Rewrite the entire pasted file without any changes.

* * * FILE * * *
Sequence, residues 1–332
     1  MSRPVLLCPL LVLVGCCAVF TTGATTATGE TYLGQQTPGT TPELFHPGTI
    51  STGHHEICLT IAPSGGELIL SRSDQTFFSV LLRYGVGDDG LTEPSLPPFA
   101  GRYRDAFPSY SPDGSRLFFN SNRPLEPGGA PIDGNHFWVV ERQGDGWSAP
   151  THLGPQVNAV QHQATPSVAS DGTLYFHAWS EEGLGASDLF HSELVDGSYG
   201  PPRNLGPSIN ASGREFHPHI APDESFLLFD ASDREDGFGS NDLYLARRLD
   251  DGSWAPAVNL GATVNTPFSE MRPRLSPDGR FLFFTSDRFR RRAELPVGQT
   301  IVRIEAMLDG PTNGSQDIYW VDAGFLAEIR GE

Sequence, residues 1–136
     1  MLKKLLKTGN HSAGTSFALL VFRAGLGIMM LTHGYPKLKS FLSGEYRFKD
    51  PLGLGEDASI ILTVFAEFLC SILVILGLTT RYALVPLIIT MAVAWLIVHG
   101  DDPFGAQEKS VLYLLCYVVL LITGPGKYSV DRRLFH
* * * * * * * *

Sequence, residues 1–332
     1  MSRPVLLCPL LVLVGCCAVF TTGATTATGE TYLGQQTPGT TPELFHPGTI
    51  STGHHEICLT IAPSGGELIL SRSDQTFFSV LLRYGVGDDG LTEPSLPPFA
   101  GRYRDAFPSY SPDGSRLFFN SNRPLEPGGA PIDGNHFWVV ERQGDGWSAP
   151  THLGPQVNAV QHQATPSVAS DGTLYFHAWS EEGLGASDLF HSELVDGSYG
   201  PPRNLGPSIN ASGREFHPHI APDESFLLFD ASDREDGFGS NDLYLARRLD
   251  DGSWAPAVNL GATVNTPFSE MRPRLSPDGR FLFFTSDRFR RRAELPVGQT
   301  IVRIEAMLDG PTNGSQDIYW VDAGFLAEIR GE

Sequence, residues 1–136
     1  MLKKLLKTGN HSAGTSFALL VFRAGLGIMM LTHGYPKLKS FLSGEYRFKD
    51  PLGLGEDASI ILTVFAEFLC SILVILGLTT RYALVPLIIT MAVAWLIVHG
   101  DDPFGAQEKS VLYLLCYVVL LITGPGKYSV DRRLFH